8 February 2015
The Miniaturists night at The Arcola Theatre is a wonderful evening of brand new short plays by some of the UK’s top young writing talent.
Some of the night’s pieces, like Palindrome and Alcatraz play with the very form of playtexts, and, as in Lifeboat, the physical form of a play, by bringing the audience onto the stage itself, creating a sort of site specific piece, but the two absolute standouts of the 50th evening of the Miniaturists were Fascination, by Sarah Sigal, and Pablo Neruda, by David Eldridge
Fascination, masterfully performed solo by Susanna Fiore, is a retelling of Chekhov’s iconic Three Sisters, however, as told through the interrogation of one of its lead characters, Masha, as if under Soviet rule. This sort of reimagining of such an iconic work could come across as heavy handed, but with only a few minor blips, the core of desperation found in Chekhov’s characters completely sings through the text.
David Eldridge’s Pablo Neruda was a joy to watch. Lisa Ellis, playing the online date about to meet her cyber-beau, is thwarted by the man’s wife, Raquel Cassidy, who has read their online correspondence. Cassidy is electrifying. And with literally nothing on stage but the two actresses and what they can carry, director Tim Stark has staged this short exceptionally well.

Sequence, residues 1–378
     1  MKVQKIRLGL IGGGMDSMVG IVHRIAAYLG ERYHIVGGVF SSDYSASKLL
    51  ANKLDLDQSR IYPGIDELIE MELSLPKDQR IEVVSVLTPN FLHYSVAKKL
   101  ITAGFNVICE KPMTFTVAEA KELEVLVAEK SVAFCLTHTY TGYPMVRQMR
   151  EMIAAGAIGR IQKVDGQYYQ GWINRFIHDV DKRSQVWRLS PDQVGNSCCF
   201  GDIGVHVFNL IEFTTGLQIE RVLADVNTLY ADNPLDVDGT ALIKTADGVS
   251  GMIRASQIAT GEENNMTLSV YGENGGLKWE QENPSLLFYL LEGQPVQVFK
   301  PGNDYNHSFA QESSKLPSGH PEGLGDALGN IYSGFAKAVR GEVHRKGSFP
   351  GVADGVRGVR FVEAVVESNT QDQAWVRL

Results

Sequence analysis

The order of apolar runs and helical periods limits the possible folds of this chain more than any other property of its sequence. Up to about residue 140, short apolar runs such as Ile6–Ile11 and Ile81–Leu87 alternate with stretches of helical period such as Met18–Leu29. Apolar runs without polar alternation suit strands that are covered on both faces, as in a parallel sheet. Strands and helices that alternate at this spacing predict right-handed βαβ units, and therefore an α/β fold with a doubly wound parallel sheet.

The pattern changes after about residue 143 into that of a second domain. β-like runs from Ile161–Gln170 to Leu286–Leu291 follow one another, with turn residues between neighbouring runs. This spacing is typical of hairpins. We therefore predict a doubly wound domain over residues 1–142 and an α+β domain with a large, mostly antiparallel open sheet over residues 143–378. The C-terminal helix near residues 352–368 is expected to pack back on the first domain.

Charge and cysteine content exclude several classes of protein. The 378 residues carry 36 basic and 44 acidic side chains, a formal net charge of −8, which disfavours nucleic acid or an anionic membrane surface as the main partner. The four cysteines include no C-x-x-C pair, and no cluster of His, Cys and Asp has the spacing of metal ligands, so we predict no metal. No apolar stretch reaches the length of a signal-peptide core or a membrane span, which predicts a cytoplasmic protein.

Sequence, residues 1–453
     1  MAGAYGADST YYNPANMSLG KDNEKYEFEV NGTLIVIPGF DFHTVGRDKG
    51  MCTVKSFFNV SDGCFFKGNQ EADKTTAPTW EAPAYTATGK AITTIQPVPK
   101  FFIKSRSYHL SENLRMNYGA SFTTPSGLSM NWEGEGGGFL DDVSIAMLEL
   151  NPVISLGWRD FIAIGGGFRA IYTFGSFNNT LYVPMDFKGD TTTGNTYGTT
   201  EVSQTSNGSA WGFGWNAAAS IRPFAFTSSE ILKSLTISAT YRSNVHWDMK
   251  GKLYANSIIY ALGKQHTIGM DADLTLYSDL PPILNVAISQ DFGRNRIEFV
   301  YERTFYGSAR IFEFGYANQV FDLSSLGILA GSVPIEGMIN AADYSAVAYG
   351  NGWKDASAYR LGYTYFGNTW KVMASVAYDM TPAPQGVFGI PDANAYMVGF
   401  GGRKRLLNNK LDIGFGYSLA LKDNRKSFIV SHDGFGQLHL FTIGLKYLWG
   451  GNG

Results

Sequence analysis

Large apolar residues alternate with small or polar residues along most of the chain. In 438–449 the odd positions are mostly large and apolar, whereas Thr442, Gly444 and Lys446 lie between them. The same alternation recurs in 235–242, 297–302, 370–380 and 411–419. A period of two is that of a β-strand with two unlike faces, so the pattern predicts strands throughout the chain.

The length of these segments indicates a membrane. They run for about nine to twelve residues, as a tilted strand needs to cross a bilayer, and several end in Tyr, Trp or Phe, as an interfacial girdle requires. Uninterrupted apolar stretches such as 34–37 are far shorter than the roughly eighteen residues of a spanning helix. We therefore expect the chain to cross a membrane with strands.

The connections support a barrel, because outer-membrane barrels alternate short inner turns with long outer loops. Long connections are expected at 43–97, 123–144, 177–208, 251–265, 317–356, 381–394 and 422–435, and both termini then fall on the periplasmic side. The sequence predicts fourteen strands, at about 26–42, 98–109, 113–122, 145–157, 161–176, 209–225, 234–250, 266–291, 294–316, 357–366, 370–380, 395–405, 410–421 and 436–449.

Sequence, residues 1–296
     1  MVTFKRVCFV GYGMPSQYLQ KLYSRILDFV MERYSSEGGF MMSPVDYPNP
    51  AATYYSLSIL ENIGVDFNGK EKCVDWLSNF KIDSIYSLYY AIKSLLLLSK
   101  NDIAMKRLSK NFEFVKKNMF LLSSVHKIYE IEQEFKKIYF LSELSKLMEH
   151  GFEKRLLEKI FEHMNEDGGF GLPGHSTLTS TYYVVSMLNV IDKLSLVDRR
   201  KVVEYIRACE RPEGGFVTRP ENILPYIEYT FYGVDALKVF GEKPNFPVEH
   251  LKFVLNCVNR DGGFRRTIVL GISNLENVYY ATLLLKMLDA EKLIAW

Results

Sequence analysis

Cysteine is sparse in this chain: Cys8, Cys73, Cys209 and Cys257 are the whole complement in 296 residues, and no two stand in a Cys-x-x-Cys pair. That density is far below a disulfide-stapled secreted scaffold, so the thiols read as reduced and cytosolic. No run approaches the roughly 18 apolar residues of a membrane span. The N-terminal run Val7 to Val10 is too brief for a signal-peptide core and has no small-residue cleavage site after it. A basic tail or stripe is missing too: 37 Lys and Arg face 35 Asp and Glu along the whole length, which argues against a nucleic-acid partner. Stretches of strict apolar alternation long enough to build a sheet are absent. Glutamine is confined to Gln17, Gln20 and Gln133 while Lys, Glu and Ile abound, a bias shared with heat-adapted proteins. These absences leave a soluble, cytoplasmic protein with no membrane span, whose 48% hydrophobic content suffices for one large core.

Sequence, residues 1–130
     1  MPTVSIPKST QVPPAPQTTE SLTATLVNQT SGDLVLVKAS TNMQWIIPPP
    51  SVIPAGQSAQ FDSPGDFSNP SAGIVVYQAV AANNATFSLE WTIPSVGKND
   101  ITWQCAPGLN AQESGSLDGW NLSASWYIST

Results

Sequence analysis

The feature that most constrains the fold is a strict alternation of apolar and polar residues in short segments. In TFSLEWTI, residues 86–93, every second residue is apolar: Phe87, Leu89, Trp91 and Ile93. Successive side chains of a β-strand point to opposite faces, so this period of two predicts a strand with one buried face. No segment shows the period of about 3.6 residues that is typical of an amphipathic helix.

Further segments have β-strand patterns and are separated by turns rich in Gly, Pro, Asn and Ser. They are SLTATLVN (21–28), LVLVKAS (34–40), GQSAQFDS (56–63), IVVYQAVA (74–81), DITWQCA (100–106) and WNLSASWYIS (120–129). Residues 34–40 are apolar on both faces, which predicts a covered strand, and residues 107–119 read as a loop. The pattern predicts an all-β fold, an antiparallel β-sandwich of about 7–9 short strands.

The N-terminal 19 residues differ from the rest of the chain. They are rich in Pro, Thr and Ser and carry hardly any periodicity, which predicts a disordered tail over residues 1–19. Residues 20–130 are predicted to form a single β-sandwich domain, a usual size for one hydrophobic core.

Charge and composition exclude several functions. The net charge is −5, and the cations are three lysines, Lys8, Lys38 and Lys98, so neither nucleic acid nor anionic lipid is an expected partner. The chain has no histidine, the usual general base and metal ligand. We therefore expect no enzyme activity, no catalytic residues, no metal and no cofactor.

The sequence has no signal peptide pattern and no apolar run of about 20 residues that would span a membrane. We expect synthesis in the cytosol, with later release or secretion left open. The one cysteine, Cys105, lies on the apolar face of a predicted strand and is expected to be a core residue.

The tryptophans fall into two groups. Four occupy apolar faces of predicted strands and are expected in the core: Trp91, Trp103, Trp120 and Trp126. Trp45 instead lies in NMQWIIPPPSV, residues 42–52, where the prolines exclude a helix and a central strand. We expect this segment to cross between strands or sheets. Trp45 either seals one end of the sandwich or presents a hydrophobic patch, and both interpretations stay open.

The only aspect of this evening of plays that gives one pause is the actual nature of the event. Five short plays, written by relatively established playwrights, at 30 minutes or less, seems like a bit of an odd bit of programming.
If these were extremely new playwrights, one might see exposure as a point, but many of these have had works performed at the Royal Court, Theatre 503, BBC Radio 4, and the Almeida and Donmar Warehouse. If these writers are so well established, it begs the question as to why they actually need an evening of exposure. It makes one wonder when next these plays would be performed—possibly not until another such evening is programmed by another venue.
Overall, this was an excellent evening of new work, but ultimately, it does leave one wondering where and when these works might be performed again. And if performed only on a night such as this, does that mean, as play texts, they can truly stand alone?
Review by James Garden